Individuals can do great things, but two highly motivated peers can accomplish even more when they work together. Surely there's at least one programmer you work with who you admire or at least respect enough to adopt the buddy system with.So step 1 is to find a person meeting the above criteria, he will be a second "half of an awesome part-time coding dynamic duo". It has been proven, that this approach really works - there are lots of well-known dynamic duos like:
- Batman and Robin
- Tango and Cash
- Mario and Luigi
- Starsky and Hutch
- Crockett and Tubbs
- Bert and Ernie
- Cheap and Dale
- Laurel and Hardy
Now it's time to move to step 2 - peer review. Let me start with clarifying what kind of peer review I'm thinking about. Peer review can have multiple variations. For sure, with you coding buddy you don't want to do very formal, systematic and rigorous reviews (inspection) you should be much more flexible and more into quick and informal meetings (peer deskcheck).
I think informal nature of peer deskcheck is the factor that makes is so effective. You can comfortably chat with your buddy and explain to him what is the business objective for given piece of code and what was your approach to the problem. It's a great way to make sure that your idea makes sense and you are on the right course.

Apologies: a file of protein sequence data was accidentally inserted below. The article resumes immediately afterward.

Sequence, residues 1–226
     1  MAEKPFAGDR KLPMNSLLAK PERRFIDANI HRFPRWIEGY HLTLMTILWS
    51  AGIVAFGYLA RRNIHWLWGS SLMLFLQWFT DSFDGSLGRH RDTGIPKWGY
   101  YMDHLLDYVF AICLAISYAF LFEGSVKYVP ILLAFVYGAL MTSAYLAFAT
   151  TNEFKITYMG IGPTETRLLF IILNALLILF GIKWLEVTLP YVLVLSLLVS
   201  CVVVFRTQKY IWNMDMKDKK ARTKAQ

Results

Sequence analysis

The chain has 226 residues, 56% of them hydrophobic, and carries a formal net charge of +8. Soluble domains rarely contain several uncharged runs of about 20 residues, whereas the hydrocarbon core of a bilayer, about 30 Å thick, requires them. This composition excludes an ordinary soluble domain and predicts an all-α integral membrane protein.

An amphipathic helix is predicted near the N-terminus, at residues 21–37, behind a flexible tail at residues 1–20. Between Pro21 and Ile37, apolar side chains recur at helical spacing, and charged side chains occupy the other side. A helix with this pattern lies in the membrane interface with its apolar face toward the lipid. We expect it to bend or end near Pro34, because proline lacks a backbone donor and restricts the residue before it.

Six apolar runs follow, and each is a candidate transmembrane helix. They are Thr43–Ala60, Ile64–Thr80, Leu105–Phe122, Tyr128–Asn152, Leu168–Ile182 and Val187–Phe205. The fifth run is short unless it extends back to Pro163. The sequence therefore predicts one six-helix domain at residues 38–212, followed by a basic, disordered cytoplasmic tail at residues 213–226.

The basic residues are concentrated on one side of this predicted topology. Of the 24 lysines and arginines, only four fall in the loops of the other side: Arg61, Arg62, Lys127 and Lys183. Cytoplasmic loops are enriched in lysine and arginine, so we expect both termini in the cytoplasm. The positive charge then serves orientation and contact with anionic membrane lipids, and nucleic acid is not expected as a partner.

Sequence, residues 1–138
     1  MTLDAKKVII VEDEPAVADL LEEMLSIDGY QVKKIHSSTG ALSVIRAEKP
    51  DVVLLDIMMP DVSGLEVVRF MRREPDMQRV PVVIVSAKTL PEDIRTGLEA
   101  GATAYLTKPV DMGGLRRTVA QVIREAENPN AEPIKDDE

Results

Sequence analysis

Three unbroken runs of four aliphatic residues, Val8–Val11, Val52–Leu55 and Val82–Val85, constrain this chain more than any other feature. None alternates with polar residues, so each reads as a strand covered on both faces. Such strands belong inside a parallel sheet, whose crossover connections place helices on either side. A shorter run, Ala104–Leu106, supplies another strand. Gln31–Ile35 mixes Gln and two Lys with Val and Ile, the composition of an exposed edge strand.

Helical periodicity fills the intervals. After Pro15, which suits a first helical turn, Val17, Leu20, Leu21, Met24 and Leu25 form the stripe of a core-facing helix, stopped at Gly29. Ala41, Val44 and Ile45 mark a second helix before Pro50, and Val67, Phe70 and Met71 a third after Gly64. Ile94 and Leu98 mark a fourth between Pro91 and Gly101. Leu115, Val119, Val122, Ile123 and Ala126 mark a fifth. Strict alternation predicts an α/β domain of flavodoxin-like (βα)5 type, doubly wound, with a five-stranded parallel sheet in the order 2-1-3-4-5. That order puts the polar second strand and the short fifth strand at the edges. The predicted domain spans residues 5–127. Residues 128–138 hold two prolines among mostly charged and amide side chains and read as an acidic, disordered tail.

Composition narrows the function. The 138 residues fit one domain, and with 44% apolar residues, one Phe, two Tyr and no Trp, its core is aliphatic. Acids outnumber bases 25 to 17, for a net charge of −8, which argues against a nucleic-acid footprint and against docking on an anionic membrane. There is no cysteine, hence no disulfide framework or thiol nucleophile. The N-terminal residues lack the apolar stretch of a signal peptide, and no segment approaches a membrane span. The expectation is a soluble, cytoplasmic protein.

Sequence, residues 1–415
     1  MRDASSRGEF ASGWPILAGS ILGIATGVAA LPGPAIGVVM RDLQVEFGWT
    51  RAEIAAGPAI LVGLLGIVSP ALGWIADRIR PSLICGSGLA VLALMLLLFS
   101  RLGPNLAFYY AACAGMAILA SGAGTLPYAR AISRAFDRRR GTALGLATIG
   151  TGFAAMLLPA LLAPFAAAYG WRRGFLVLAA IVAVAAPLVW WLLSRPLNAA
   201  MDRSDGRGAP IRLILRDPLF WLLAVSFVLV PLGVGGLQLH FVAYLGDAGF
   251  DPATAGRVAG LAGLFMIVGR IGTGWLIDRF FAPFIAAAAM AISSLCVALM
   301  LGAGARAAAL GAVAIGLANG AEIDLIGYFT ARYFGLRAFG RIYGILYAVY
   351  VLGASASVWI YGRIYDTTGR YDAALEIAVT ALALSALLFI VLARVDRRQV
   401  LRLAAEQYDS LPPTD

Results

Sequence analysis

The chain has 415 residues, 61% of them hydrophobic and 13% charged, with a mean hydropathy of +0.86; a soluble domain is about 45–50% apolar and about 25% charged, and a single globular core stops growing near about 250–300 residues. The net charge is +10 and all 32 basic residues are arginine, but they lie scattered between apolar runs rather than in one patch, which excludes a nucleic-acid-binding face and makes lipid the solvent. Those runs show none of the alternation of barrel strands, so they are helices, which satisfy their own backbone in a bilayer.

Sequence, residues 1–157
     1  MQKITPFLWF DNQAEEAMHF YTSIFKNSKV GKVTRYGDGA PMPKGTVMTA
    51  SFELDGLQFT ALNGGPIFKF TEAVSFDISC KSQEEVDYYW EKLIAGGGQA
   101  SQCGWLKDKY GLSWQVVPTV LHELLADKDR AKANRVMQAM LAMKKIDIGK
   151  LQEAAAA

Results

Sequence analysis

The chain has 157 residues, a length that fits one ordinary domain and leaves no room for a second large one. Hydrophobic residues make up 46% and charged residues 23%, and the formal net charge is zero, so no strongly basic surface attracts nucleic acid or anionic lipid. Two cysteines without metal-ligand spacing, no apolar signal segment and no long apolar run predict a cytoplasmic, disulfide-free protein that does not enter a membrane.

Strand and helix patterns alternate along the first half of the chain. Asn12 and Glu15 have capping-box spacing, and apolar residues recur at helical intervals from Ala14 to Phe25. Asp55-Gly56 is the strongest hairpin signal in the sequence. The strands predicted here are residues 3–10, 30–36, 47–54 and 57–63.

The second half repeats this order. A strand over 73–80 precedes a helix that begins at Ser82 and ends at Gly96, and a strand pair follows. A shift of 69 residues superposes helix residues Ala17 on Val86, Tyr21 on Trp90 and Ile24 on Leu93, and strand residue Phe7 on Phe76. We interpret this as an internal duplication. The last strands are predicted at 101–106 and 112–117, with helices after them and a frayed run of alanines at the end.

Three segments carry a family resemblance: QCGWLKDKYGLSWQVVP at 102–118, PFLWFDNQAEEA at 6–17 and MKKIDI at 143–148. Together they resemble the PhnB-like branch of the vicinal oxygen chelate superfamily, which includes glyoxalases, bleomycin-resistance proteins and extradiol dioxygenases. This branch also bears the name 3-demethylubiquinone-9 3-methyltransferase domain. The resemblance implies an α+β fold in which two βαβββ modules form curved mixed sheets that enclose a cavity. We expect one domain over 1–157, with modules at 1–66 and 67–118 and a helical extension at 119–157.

Those are only direct benefits, indirect benefits include:
- improved team work - reviews help people to "accustom" to helping each other
- increased familiarity of code base - sharing knowledge is always important, reviews give developers a chance to teach others about their piece of code
- prevent individuals from going dark
- increased quality - "reviews motivate us to practice superior craftsmanship because we know our co-workers will closely examine our work. In this indirect way, peer reviews lead to higher quality."
What are the next steps? (assuming that it buddy system works)
- find more coding buddies as it means more ideas, more views which afterwards should lead to even better code and even better knowledge sharing
- learn about different types of peer reviews, other types can be also useful. (chapter 3 of Peer Reviews in Software: A Practical Guide)
- try to change your company's software engineering culture to include peer reviews as a part of the process which you follow, every one can benefit from it (chapter 2 of Peer Reviews in Software: A Practical Guide)
Last words ...
- This post was inspired by Jeff Atwood's post "Who's your coding buddy". I know Jeff that you don't read such a obscure blogs like this one but thank you for your post!
- Quotations and images used in this post are from Jeff Atwood's post and from Karl Wiegers' Peer Reviews in Software: A Practical Guide